The house was called Maple Run, as if it were some grand estate with a staff and a social calendar. The last worker had been Irene the maid. She'd died four years earlier and since then no one had vacuumed the floors or touched the furniture with polish. The Judge paid a local felon twenty dollars a week to cut the grass, and he did so with great reluctance. Eighty dollars a month was robbery, in his learned opinion.
When Ray was a child, his mother referred to their home as Maple Run. They never had dinners at their home, but rather at Maple Run. Their address was not the Atlees on Fourth Street, but instead it was Maple Run on Fourth Street. Few other folks in Clanton had names for their homes.
She died from an aneurysm and they laid her on a table in the front parlor. For two days the town stopped by and paraded across the front porch, through the foyer, through the parlor for last respects, then to the dining room for punch and cookies. Ray and Forrest hid in the attic and cursed their father for tolerating such a spectacle. That was their mother lying down there, a pretty young woman now pale and stiff in an open coffin.
Forrest had always called it Maple Ruin. The red and yellow maples that once lined the street had died of some unknown disease. Their rotted stumps had never been cleared. Four huge oaks shaded the front lawn. They shed leaves by the ton, far too many for anyone to rake and gather. And at least twice a year the oaks would lose a branch that would fall and crash somewhere onto the house, where it might or might not get removed. The house stood there year after year, decade after decade, taking punches but never falling.
It was still a handsome house, a Georgian with columns, once a monument to those who'd built it, and now a sad reminder of a declining family. Ray wanted nothing to do with it. For him the house was filled with unpleasant memories and each trip back depressed him. He certainly couldn't afford the financial black hole of maintaining an estate that ought to be bulldozed. Forrest would burn it before he owned it.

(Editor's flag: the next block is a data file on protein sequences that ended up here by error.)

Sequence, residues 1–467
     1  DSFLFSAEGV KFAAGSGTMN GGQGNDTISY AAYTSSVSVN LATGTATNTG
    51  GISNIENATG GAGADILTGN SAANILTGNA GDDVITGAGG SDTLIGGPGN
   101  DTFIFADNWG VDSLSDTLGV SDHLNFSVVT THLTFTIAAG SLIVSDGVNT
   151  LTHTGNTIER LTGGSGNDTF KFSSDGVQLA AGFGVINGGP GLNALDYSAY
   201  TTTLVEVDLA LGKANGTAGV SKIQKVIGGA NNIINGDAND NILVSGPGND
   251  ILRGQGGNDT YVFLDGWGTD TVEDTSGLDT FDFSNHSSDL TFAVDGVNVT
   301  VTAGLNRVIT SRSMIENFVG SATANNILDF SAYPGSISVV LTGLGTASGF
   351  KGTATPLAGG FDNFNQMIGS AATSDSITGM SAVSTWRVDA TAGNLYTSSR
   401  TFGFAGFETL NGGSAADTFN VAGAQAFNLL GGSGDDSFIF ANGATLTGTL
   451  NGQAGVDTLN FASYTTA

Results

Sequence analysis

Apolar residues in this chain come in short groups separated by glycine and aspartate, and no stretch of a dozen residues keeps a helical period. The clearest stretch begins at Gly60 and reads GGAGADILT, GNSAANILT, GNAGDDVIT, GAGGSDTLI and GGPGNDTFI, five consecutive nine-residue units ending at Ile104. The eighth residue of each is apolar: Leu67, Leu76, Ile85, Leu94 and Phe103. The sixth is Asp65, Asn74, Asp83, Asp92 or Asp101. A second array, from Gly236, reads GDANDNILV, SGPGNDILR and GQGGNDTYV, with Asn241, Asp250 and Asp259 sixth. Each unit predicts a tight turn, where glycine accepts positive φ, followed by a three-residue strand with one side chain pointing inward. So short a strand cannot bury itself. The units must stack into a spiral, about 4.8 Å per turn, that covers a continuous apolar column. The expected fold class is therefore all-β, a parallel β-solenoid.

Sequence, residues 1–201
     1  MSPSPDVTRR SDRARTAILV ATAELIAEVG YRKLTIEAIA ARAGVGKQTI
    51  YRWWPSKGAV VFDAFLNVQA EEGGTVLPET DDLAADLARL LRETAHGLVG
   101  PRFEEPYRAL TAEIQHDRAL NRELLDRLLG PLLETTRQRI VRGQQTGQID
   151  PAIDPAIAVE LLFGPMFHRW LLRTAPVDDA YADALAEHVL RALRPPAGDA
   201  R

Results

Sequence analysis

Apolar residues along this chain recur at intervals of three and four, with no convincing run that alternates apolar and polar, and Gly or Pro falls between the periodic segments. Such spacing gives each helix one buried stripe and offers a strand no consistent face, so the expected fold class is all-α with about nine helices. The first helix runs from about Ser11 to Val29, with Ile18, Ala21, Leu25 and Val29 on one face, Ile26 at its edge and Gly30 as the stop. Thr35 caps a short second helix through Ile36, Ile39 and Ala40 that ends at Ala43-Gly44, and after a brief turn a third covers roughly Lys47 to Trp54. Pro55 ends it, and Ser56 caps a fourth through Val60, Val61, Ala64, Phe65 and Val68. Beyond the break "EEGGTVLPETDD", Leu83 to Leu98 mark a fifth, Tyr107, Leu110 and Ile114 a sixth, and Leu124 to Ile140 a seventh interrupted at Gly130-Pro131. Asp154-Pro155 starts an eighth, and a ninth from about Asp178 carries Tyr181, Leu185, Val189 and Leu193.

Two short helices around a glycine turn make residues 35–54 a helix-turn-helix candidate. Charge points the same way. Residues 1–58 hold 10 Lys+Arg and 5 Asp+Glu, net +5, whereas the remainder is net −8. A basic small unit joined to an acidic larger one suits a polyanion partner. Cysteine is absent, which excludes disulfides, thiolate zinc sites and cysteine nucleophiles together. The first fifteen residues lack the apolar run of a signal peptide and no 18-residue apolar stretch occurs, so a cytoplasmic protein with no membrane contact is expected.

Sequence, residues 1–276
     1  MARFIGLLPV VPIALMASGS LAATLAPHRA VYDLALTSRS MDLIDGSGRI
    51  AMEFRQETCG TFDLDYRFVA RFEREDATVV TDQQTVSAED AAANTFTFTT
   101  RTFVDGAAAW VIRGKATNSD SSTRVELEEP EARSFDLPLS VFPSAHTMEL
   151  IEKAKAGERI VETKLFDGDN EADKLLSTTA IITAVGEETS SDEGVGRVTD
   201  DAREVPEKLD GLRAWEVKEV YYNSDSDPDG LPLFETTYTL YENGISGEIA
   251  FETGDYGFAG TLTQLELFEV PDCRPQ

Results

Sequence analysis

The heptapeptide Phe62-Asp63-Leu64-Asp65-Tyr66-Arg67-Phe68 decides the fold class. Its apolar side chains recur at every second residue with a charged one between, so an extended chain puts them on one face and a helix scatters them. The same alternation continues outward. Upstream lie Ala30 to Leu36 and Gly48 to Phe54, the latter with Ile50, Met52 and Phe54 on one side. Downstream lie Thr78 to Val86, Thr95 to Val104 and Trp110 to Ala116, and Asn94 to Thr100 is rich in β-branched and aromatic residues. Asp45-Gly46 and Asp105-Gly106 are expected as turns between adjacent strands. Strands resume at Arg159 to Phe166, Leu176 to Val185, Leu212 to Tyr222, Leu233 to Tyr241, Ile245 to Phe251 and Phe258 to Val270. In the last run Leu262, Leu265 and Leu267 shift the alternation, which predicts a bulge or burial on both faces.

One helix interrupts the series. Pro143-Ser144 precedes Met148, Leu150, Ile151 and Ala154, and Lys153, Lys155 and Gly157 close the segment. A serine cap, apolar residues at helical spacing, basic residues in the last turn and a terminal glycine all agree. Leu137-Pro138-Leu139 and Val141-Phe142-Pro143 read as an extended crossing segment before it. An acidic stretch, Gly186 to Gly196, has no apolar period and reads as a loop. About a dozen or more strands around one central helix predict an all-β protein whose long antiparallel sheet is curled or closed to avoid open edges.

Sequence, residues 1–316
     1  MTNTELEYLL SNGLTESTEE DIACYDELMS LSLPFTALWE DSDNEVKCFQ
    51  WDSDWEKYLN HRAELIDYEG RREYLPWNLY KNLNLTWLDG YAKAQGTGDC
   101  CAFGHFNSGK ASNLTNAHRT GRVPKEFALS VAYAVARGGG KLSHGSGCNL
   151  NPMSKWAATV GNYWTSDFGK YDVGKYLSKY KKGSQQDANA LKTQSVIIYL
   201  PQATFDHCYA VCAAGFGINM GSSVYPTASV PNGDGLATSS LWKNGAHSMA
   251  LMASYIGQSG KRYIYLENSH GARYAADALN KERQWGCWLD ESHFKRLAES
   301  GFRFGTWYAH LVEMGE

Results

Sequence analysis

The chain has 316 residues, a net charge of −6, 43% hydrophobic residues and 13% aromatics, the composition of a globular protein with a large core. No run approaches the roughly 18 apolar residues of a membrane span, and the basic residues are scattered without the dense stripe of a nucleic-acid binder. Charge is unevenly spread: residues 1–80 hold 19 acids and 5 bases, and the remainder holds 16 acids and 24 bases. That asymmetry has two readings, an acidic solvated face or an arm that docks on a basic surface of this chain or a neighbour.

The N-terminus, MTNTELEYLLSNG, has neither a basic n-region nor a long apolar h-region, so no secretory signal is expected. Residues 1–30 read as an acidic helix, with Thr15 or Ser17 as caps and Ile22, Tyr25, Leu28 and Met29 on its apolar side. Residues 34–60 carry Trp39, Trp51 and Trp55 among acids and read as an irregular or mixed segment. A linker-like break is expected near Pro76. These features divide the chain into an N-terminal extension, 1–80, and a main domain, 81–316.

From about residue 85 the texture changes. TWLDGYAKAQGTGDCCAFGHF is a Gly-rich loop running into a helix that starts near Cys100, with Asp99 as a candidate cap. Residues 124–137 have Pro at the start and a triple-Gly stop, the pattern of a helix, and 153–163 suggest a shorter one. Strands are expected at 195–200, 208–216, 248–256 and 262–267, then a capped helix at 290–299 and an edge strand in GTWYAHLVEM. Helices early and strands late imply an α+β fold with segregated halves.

The Judge, however, wanted Ray to take the house and keep it in the family. This had been discussed in vague terms over the past few years. Ray had never mustered the courage to ask, "What family?" He had no children. There was an ex-wife but no prospect of a current one. Same for Forrest, except he had a dizzying collection of ex-girlfriends and a current housing arrangement with Ellie, a three-hundred-pound painter and potter twelve years his senior.
It was a biological miracle that Forrest had produced no children, but so far none had been discovered.
The Atlee bloodline was thinning to a sad and inevitable halt, which didn't bother Ray at all. He was living life for himself, not for the benefit of his father or the family's glorious past. He returned to Clanton only for funerals.
The Judge's other assets had never been discussed. The Atlee family had once been wealthy, but long before Ray. There had been land and cotton and slaves and railroads and banks and politics, the usual Confederate portfolio of holdings that, in terms of cash, meant nothing in the late twentieth century. It did, however, bestow upon the Atlees the status of "family money."
By the time Ray was ten he knew his family had money. His father was a judge and his home had a name, and in rural Mississippi this meant he was indeed a rich kid. Before she died his mother did her best to convince Ray and Forrest that they were better than most folks. They lived in a mansion. They were Presbyterians. They vacationed in Florida, every third year. They occasionally went to the Peabody Hotel in Memphis for dinner. Their clothes were nicer.
Then Ray was accepted at Stanford. His bubble burst when the Judge said bluntly, "I can't afford it."
Excerpted from The Summons by John Grisham Copyright 2002 by Belfry Holdings, Inc.. Excerpted by permission of Doubleday, a division of Random House, Inc. All rights reserved. No part of this excerpt may be reproduced or reprinted without permission in writing from the publisher.
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